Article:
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ADHD-listening-skills-classroom

Having ADHD can make a classroom experience difficult for any child, especially when it comes to listening. Luckily, there are some steps that parents, kids, and teachers can take to help students with ADHD improve their listening skills and overall school experience. Here are our top tips to improve listening skills in kids with ADHD:

Have Students Clap Back a Pattern

When you're going to introduce a new activity or give directions, start by clapping a pattern to your students. Then, have them clap it back to you. Repeat the pattern until every student is clapping the pattern back. This will ensure that every student is tuned in to what you're saying and that they hear the directions you're about to deliver. When students with ADHD are able to clap back a pattern properly, it shows they are listening to the teacher.

Play Games that Require Listening

Boost listening skills by playing games that require listening in the classroom. Some great examples of games that require students with ADHD to listen are Simon Says, Musical Chairs, and Mother May I?.

Ask Questions Throughout Tasks

As your child with ADHD is completing tasks in the classroom or at home, ask them questions about what they’re doing. You can ask them about the current step they're completing, or what they plan to tackle next. By having them talk to you about tasks or explain what they're doing, you can ensure they're focused on the task at hand and that they listened to their instructions. This can not only encourage them to listen more at the start but also ensure that they stay focused throughout.

Encourage Note-Taking When Instructions are Being Given

If a child has a difficult time listening, encourage them to take notes when being given instructions, particularly if they have questions. This will allow them to continue listening without interrupting the instructions, and it will give them the opportunity to get the question out of their mind temporarily. Then, give all students the opportunity to ask the questions they've recorded later, once all the instructions have been provided.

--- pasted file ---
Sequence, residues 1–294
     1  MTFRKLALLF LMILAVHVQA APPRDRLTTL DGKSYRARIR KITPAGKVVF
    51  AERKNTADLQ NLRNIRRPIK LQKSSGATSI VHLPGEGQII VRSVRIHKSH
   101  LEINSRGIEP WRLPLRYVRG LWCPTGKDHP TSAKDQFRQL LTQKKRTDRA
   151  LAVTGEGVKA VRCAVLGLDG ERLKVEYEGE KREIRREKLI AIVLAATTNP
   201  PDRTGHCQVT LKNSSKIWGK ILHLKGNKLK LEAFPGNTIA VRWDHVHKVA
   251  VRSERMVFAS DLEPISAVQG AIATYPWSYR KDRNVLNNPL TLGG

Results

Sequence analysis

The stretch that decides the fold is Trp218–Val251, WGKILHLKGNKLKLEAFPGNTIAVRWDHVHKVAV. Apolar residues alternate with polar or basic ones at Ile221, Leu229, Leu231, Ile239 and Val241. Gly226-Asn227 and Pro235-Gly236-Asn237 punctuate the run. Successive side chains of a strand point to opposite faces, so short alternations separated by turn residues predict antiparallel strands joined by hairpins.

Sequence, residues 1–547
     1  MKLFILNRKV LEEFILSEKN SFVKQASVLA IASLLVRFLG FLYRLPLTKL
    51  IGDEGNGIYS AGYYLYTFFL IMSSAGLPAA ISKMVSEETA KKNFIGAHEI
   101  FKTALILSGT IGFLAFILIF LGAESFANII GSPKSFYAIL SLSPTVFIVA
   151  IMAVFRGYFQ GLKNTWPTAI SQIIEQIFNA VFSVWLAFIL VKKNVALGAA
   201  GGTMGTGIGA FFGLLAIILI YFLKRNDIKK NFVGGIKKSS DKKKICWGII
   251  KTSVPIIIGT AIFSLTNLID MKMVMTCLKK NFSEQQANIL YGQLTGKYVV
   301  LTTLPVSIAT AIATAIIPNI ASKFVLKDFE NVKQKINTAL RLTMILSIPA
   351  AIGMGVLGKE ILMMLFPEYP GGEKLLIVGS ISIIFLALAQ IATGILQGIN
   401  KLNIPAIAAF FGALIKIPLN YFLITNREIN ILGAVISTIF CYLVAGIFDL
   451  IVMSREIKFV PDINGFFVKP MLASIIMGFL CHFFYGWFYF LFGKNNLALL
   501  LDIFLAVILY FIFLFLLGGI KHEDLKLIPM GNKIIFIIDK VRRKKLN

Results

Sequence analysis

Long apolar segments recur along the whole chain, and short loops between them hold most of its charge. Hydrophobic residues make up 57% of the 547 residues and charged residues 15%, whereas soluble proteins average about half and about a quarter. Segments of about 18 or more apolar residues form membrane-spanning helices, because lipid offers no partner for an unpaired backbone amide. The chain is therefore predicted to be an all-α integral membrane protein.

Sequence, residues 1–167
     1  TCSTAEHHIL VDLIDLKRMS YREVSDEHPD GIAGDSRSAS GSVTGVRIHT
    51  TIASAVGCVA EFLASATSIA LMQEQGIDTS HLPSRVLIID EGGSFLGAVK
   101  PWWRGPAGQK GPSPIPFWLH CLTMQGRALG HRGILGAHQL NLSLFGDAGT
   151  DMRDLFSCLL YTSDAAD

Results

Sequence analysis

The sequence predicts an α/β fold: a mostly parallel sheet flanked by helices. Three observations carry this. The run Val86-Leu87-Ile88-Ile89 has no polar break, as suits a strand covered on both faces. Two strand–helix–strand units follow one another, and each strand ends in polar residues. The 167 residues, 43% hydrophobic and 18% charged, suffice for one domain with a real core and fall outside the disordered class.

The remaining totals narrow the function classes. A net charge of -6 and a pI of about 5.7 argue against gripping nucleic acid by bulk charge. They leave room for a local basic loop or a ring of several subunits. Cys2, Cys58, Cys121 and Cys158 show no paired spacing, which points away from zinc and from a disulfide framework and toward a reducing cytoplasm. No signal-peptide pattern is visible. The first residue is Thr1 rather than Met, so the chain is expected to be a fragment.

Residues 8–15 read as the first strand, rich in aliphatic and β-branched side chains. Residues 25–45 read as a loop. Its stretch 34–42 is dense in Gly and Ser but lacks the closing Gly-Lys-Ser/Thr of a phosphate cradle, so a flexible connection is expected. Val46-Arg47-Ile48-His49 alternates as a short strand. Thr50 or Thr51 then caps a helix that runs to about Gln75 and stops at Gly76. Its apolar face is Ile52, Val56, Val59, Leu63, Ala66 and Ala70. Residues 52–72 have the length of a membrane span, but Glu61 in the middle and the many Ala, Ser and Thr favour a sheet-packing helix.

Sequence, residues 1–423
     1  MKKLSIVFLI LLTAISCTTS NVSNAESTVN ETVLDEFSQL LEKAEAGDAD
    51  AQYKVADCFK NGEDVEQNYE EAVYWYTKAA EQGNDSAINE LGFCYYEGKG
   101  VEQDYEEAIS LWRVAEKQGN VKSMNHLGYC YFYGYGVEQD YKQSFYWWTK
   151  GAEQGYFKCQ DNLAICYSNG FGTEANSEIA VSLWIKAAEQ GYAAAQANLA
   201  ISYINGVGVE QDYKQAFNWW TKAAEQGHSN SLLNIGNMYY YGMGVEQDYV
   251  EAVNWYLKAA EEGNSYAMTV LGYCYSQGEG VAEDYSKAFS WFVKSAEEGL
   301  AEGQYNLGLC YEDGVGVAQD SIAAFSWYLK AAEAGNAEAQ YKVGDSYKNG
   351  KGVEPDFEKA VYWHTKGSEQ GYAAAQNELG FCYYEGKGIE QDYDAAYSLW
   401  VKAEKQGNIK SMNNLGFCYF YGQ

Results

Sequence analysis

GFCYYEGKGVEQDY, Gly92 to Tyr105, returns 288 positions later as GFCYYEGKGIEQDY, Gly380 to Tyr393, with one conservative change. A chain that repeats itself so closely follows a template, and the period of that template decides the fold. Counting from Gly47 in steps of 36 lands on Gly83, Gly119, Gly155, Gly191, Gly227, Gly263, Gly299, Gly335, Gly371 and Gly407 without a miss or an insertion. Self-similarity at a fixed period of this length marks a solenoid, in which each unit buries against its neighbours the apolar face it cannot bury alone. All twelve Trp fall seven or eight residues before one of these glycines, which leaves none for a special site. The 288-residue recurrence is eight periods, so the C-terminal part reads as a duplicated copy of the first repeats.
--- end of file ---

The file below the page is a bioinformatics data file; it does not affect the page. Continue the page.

Did you know that after completing Brain Balance (a drug-free, whole child program) parents saw a 33% improvement, on average, in their child’s ability to focus*? If your child is experiencing inappropriate levels of inattention, hyperactivity or impulsive behavior, we invite you to consider the Brain Balance Program. Watch our video to learn more about the signs and symptoms of ADHD in children!



*Results based on a parent evaluation form filled out pre and post-program where the parents ranked a set of statements about their child, on a scale from 0-10 (0=not observed/does not apply and 10=frequently observed). Statement: Child has attention difficulties – 33% improvement for a median student (2015-2018 data for 5,886 students where parents reported this issue).

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